Meanwhile, Netflix had $1.82 billion in revenue during the fourth quarter of 2015 and is forecasting $4.5 billion for Q1 2019. Comparable figures for Amazon Prime aren’t readily available, but the company did say it had “tens of millions” of subscribers in early 2015. By April 2018, that number had grown to more than 100 million. (It’s also worth noting that Amazon’s subscribers originally got hooked free shipping, and are now all about The Marvelous Mrs. Maisel.)

If Apple had pushed into streaming video several years ago, there’s no telling where it would be now. But in the interim, streaming television services like DirecTV Now and YouTube TV have yet to find their footing (or loyal customers) anyway, which means it’s not too late for Apple to make a splash.

The web is a mass grave of inaccurate, pre-Apple event predictions, so it’s silly to forecast details about what Cook will announce in the Steve Jobs Theater on Monday. But if the most frequently echoed rumors are to be believed, Apple will offer its family-friendly video titles to owners of Apple devices for free, while offering to bundle à la carte subscriptions through its easy-to-use TV app interface.

Are Oprah Winfrey and Steven Spielberg, two high-wattage names who have signed up to produce Apple programming, enough to turn the company from a no-show to a show-stopper in streaming video? Probably not, but who’s to say?

But if you add in Apple’s successful track record of selling other companies’ content—as it did for years with music on iTunes, along with its middling success peddling video subscriptions on Apple TV—and the 1.4 billion Apple devices in use today, its video push could grow quickly and make the company a major player.

Meanwhile, Apple’s expected “Netflix for news” product is flying under the radar. While it may not generate as much excitement as the reported forthcoming streaming video service, its concept is similar—it’s just the medium that’s different. Under the name Texture, the startup that Apple bought in March 2018, subscribers are already able to access more than 200 magazines for just $9.99 monthly. In 2016, Texture already had “hundreds of thousands” of subscribers, despite a relatively wide-open Internet that let people read practically anything they wanted without paying. When your competition is “free,” gaining that many subscribers deserves applause.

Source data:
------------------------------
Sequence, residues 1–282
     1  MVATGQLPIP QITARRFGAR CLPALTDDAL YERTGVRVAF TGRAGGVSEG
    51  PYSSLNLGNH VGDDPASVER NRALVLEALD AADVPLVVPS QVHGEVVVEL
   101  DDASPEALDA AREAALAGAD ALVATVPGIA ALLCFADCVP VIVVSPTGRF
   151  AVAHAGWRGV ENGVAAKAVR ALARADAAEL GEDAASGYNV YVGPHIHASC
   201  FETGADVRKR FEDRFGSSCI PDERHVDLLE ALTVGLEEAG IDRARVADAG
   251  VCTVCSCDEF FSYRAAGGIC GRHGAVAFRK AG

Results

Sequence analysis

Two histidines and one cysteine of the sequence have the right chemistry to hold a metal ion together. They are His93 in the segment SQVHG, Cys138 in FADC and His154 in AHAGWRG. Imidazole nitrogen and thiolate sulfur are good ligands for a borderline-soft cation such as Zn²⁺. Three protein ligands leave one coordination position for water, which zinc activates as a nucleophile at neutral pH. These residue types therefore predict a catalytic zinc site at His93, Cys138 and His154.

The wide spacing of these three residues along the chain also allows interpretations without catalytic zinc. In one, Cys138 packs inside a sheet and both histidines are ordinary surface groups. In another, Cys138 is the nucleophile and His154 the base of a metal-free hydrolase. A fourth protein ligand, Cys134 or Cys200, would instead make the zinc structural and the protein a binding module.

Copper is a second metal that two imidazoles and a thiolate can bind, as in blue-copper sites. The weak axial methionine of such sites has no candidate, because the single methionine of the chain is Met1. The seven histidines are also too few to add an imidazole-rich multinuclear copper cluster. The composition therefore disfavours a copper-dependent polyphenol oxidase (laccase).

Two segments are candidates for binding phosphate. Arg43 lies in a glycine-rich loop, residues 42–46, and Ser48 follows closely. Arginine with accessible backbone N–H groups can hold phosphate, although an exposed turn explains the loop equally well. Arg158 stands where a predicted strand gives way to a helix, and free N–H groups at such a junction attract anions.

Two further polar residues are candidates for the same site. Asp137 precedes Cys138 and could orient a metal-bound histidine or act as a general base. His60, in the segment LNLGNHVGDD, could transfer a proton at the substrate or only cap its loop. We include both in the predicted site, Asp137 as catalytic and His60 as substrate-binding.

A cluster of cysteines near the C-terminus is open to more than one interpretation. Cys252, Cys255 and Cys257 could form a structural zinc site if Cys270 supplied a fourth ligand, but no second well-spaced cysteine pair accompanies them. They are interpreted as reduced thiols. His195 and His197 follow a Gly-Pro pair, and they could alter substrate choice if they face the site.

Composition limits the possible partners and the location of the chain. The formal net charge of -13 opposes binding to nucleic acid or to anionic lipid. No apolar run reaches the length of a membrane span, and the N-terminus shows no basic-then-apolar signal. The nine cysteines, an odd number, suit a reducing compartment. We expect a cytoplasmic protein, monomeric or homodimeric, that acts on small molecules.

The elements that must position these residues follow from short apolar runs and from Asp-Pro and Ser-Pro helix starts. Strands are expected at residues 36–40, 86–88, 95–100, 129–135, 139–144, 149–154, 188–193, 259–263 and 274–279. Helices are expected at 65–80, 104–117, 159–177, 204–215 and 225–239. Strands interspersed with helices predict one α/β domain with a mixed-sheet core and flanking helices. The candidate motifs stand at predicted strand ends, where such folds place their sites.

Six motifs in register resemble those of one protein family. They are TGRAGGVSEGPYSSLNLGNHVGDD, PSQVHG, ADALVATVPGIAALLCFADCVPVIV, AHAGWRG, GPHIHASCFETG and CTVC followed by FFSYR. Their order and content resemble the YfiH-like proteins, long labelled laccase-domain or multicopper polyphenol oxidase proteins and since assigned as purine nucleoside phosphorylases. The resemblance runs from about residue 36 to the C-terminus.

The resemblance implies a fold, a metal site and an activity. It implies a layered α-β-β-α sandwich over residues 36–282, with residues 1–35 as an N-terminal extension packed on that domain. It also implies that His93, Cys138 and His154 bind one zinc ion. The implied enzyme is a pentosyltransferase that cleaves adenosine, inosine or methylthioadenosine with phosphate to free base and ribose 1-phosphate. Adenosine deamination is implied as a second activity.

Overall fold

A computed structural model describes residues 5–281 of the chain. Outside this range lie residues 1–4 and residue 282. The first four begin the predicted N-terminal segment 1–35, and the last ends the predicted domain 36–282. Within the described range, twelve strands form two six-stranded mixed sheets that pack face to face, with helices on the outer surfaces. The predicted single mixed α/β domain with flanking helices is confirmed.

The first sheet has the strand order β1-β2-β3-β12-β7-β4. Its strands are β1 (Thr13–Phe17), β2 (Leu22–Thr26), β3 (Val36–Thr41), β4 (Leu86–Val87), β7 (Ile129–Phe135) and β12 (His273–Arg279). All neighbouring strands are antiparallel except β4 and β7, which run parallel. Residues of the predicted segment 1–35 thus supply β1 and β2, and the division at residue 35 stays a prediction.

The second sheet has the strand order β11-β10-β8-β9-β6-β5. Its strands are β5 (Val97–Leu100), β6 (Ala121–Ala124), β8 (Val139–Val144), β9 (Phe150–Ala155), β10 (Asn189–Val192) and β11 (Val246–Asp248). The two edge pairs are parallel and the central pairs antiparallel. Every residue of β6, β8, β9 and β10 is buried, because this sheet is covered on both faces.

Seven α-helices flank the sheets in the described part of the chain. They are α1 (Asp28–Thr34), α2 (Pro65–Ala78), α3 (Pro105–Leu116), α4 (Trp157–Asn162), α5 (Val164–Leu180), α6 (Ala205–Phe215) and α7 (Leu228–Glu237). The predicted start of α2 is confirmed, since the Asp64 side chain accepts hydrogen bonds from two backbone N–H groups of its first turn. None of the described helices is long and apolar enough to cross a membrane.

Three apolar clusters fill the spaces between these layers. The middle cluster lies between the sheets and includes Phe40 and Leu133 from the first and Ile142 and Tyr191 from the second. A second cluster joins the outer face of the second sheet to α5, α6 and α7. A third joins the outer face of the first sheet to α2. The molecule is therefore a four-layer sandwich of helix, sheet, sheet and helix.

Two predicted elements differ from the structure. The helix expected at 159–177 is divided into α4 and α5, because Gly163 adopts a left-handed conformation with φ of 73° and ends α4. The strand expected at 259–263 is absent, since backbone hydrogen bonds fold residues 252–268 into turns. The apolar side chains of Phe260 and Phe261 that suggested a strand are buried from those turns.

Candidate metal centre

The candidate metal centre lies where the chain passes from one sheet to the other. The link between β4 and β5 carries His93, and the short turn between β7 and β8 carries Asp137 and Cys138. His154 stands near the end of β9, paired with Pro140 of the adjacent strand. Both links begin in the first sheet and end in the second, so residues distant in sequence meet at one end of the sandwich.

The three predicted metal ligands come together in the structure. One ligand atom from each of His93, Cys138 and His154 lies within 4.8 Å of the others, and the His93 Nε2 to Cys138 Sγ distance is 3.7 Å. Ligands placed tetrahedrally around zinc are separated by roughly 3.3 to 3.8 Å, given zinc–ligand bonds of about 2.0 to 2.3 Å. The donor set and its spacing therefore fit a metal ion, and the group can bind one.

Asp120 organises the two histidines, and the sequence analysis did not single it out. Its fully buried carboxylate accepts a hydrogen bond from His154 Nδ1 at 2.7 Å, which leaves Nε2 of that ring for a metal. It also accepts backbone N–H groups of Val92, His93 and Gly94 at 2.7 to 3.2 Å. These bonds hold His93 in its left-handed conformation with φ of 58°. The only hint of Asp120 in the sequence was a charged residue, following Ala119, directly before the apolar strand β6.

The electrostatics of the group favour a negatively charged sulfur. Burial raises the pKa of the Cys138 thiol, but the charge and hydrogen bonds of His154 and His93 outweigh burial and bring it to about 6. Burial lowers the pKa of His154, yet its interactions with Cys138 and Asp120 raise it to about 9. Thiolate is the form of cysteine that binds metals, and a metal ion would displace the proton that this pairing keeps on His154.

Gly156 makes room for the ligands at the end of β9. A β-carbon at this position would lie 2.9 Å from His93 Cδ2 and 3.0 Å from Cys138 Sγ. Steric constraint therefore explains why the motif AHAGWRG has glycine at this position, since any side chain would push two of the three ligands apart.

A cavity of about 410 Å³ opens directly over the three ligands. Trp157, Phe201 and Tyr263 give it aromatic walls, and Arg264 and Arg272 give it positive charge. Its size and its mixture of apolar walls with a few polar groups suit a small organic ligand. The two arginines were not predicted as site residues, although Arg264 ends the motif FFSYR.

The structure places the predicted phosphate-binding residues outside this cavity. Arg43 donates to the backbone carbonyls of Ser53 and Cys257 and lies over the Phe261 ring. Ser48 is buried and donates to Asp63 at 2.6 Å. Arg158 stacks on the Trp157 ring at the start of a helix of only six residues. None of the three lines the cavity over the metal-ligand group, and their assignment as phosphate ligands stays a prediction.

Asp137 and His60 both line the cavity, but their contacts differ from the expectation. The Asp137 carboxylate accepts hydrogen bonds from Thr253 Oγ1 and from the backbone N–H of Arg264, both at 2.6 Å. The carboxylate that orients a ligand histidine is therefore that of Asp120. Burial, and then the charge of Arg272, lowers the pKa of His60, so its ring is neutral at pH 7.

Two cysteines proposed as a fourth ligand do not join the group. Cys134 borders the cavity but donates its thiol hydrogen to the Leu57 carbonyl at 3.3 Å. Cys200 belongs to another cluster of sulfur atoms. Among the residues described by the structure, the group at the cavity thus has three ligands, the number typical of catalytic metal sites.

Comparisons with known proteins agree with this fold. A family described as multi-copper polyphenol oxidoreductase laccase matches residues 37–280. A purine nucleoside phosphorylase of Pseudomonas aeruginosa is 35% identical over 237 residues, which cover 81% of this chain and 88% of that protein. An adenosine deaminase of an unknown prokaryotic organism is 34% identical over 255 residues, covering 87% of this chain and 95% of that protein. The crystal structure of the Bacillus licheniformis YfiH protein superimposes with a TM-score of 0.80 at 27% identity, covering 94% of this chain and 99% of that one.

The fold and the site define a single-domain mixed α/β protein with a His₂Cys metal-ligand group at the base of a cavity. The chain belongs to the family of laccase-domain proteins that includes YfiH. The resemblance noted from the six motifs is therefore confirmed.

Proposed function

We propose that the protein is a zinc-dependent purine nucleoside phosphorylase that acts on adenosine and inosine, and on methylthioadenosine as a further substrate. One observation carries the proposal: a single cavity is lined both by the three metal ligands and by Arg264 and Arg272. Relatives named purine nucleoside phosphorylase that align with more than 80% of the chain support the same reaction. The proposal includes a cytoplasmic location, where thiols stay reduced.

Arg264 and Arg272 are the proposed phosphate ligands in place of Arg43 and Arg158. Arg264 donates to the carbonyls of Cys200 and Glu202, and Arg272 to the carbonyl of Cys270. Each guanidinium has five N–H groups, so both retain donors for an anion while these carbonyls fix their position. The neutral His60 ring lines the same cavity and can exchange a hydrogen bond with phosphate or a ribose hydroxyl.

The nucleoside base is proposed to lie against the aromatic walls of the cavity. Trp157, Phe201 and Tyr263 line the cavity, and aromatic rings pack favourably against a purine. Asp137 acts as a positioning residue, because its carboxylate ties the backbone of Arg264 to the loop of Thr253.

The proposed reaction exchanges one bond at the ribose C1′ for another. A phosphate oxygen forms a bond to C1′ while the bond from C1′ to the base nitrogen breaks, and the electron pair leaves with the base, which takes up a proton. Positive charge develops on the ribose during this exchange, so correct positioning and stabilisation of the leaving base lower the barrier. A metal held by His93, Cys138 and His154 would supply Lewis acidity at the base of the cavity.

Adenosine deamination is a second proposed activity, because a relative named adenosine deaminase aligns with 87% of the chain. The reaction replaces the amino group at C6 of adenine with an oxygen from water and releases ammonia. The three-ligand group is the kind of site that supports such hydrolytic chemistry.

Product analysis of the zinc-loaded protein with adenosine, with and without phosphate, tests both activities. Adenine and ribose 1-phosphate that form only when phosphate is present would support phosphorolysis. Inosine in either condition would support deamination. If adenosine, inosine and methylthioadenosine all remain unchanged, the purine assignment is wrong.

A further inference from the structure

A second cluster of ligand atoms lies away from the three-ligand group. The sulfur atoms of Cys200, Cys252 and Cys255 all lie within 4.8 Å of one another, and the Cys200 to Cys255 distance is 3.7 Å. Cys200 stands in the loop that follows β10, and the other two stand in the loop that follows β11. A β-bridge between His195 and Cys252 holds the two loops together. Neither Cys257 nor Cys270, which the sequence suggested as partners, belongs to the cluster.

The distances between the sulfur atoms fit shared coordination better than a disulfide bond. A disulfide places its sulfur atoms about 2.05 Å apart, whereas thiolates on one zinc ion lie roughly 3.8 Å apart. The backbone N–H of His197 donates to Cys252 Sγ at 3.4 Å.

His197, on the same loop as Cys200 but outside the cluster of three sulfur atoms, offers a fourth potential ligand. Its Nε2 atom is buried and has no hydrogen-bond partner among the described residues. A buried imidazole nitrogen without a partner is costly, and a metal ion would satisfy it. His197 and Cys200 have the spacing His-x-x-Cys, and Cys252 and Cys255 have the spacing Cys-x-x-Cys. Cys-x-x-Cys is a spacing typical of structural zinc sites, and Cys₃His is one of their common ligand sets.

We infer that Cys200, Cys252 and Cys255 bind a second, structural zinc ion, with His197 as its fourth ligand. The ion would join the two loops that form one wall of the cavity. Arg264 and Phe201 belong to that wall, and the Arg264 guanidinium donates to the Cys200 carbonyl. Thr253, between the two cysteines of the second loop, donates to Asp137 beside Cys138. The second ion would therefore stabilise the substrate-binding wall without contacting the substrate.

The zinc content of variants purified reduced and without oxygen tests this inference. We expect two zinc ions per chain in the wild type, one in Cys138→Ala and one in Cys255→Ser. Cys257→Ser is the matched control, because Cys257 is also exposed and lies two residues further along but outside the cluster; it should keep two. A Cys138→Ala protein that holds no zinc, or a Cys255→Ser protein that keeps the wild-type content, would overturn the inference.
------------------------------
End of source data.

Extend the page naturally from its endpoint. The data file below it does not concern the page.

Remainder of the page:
But as Facebook and Google have choked publishers’ online ad revenue, publications have begun looking for other ways to make money. Encouraged by successful subscription-based readership gains at The New York Times, the Washington Post, and WIRED, among others, expect more newspapers and magazines to create paywalls of their own. And to get access to a fraction of Apple’s massive customer base—like its 900 million active iPhones, or its 850 million iCloud users—it’s likely attractive to the news media to sign on to Apple’s offering.

Think about what you do online these days. According to Nielsen, 11 hours of your day are spent interacting with media. An increasing amount of that content has not only moved online, but also behind paywalls. Paired (and announced) together, Apple’s new streaming video and subscription news services have the potential to recast the web as we know it. But to find out how this story ends, you’ll have to pay to subscribe, because Apple and its partners definitely aren’t going to give it away for free.